Belfast Noir, edited by Adrian McKinty and Stuart Neville: Not that dark up North
A fascinating if uneven showcase of impressive Northern Ireland crime writers, says Declan Burke
Eoin McNamee’s Corpse Flowers is the most fully realised noir of all the contributions
Edited by Stuart Neville and Adrian McKinty
In crime fiction, noir can be a difficult definition to nail down, although most commentators agree that the purest form of noir incorporates an especially bleak and fatalistic tone, stories in which characters are doomed regardless of how they twist and turn in a desperate bid to escape their fate.
In that sense it could be argued that Belfast Noir, the latest city-based collection of short stories from Akashic Books, arrives a couple of decades too late, now that Belfast is, thankfully, no longer “the most noir place on earth”, as Adrian McKinty, quoting Lee Child, claims in the introduction to this book.
That said, noir can also represent a broad church within crime fiction’s parameters, as the diversity of the stories in this collection suggests. It’s also true that Belfast Noir is timely, given that the last decade has seen the emergence of a generation of Northern Irish crime writers who are engaged with post-Troubles fiction, with authors such as McKinty and his coeditor, Stuart Neville, plus Claire McGowan, Brian McGilloway, Gerard Brennan, Sam Millar and Garbhan Downey, adding their voices to those who were publishing during the Troubles, such as Eoin McNamee, Eugene McEldowney and Colin Bateman.
If it’s disappointing but understandable that McKinty and Neville have opted not to contribute stories of their own to the collection, Colin Bateman’s absence is more surprising, not least because his Divorcing Jack, featuring his journalist turned private investigator, Dan Starkey, and published in the mid 1990s, is a seminal novel of Irish crime writing. Bateman’s blend of crime tropes and irreverent humour is present here, however, in a number of contributions.
Claire McGowan’s Rosie Grant’s Finger is an offbeat comic tale featuring an 18-year-old private eye who cycles around Belfast; Sam Millar’s Out of Time features the wisecracking private eye Karl Kane; Garbhan Downey’s hard-boiled but jocular tale Die Like a Rat is stitched through with cynical one-liners about the newspaper business.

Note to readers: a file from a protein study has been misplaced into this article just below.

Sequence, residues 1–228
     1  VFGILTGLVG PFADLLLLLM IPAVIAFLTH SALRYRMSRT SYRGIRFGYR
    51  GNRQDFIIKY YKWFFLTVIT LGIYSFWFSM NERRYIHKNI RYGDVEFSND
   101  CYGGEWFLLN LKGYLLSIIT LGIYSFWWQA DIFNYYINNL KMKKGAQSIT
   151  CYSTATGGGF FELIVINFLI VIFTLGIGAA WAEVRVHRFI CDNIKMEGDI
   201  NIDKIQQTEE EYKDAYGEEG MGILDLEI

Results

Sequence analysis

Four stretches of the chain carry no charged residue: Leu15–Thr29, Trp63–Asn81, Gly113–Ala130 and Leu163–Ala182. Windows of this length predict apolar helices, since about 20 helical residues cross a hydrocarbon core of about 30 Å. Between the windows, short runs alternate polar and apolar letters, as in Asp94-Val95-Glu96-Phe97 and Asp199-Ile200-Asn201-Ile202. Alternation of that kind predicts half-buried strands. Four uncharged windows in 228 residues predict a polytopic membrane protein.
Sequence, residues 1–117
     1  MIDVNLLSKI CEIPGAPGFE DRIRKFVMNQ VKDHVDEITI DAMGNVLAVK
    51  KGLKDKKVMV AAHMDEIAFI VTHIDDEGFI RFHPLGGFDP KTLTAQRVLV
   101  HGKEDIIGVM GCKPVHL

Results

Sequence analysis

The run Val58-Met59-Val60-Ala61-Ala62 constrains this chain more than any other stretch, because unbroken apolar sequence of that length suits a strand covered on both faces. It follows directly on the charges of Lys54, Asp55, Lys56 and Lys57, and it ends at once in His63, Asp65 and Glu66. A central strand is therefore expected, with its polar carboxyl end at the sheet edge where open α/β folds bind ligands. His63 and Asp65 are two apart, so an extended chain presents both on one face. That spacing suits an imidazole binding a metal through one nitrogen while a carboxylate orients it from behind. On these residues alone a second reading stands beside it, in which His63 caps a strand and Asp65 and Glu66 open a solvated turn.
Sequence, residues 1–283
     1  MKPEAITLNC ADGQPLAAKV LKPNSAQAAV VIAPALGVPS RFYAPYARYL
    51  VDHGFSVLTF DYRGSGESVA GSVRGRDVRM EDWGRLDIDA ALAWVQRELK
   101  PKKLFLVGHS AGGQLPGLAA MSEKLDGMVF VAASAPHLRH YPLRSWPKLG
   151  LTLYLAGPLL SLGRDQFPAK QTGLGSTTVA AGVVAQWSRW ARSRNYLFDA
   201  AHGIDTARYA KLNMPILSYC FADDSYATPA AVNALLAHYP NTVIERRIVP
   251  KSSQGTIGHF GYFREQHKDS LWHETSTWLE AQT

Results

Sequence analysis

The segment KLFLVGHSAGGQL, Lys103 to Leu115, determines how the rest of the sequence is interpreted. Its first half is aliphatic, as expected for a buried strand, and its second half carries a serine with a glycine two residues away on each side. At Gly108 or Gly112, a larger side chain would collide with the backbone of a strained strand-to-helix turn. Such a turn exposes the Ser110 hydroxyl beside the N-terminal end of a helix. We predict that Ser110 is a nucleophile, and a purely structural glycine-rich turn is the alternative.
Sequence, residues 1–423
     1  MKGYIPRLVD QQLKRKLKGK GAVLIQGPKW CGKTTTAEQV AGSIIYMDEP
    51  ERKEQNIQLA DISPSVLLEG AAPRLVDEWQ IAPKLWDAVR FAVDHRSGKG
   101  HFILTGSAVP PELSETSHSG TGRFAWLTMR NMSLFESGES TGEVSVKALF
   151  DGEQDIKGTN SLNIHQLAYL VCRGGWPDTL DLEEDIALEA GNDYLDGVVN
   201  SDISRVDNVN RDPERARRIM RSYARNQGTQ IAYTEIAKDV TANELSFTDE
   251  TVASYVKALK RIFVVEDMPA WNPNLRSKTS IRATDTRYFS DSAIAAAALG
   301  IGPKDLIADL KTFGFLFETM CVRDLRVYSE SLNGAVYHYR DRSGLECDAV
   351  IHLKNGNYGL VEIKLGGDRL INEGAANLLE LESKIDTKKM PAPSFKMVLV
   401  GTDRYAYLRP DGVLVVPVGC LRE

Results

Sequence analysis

For the most part the contributing authors play a straight bat. Brian McGilloway’s The Undertaking sets the tone with a tale about an undertaker who is presented with an offer he can’t refuse by former paramilitaries who now police the Belfast streets.
Arlene Hunt’s Pure Game is set in the grim world of dog-fighting, an allegory of sorts in which strutting hardmen send out ill-treated animals to kill on their behalf.
Gerard Brennan’s Ligature is a tale of petty crime, teenage rebellion and punitive reprisals, a heartbreaking story offering an intimate snapshot of crime and punishment in Belfast. Wet With Rain by Lee Child, the Jack Reacher author, who qualifies courtesy of a Belfast-born father, offers a take on the cold war involving Troubles-era paramilitaries.
One of the most interesting is Steve Cavanagh. The Grey is a courtroom drama that in its very form argues for the normalisation of fiction’s treatment of post-Troubles Belfast, although Cavanagh’s narrator, a lawyer, is fully aware of how the “comforting blanket” of Belfast’s new grey architecture reflects the moral climate.
The science-fiction writer Ian McDonald contributes The Reservoir, a wedding-day story about dark secrets with a distinctly Gothic flavour. In Poison Lucy Caldwell reminds us that not all “crimes” break the law, even if they do have the power to destroy lives. Glenn Patterson’s Belfast Punk REP is one of the noirest of the stories, harking back to the halcyon days of Northern Ireland’s punk era and vividly illustrating the brutal dangers of not belonging to one or another of Belfast’s self-defining tribes.
Highlights include Ruth Dudley Edwards’ Taking It Serious, an unsettling pen picture of a young man obsessed with the fading glories of the recent past, and one that serves as a rebuttal to McKinty’s optimistic assertion in the introduction that “only the most hardened individuals would feel a return to the grey desolation of the ’70s and ’80s is a sacrifice worth making”. Alex Barclay’s The Reveller is a darkly poetic tale of revenge and self-annihilating redemption that strikes a disturbingly ambiguous note as it concludes the collection.
Eoin McNamee’s Corpse Flowers is the most fully realised noir of all the contributions: a PSNI investigation into the murder of a young woman told at one remove via snapshots gleaned from a number of visual cues, including CCTV and home-movies, “the difficult-to-piece together recollections, the lyric fragments of the street traffic and retail security cams”.
Belfast Noir is an uneven collection overall, given that less than half of the stories would qualify as strictly noir. For the less pedantic reader, however, it is a fascinating document of its time and place, and one that showcases the diverse talents of an increasingly impressive generation of Northern Ireland crime writers.
Declan Burke’s latest novel is The Lost and the Blind